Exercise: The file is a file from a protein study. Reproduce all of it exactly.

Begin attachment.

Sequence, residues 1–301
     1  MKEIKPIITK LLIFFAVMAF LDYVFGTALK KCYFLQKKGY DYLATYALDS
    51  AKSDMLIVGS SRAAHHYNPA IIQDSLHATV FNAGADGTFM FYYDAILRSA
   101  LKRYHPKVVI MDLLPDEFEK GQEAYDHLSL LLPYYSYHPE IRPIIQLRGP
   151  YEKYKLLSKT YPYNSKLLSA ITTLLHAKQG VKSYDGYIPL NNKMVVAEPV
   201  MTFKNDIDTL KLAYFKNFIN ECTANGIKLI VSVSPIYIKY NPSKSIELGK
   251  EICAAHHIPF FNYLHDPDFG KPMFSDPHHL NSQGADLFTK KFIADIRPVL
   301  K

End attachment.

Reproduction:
Sequence, residues 1–301
     1  MKEIKPIITK LLIFFAVMAF LDYVFGTALK KCYFLQKKGY DYLATYALDS
    51  AKSDMLIVGS SRAAHHYNPA IIQDSLHATV FNAGADGTFM FYYDAILRSA
   101  LKRYHPKVVI MDLLPDEFEK GQEAYDHLSL LLPYYSYHPE IRPIIQLRGP
   151  YEKYKLLSKT YPYNSKLLSA ITTLLHAKQG VKSYDGYIPL NNKMVVAEPV
   201  MTFKNDIDTL KLAYFKNFIN ECTANGIKLI VSVSPIYIKY NPSKSIELGK
   251  EICAAHHIPF FNYLHDPDFG KPMFSDPHHL NSQGADLFTK KFIADIRPVL
   301  K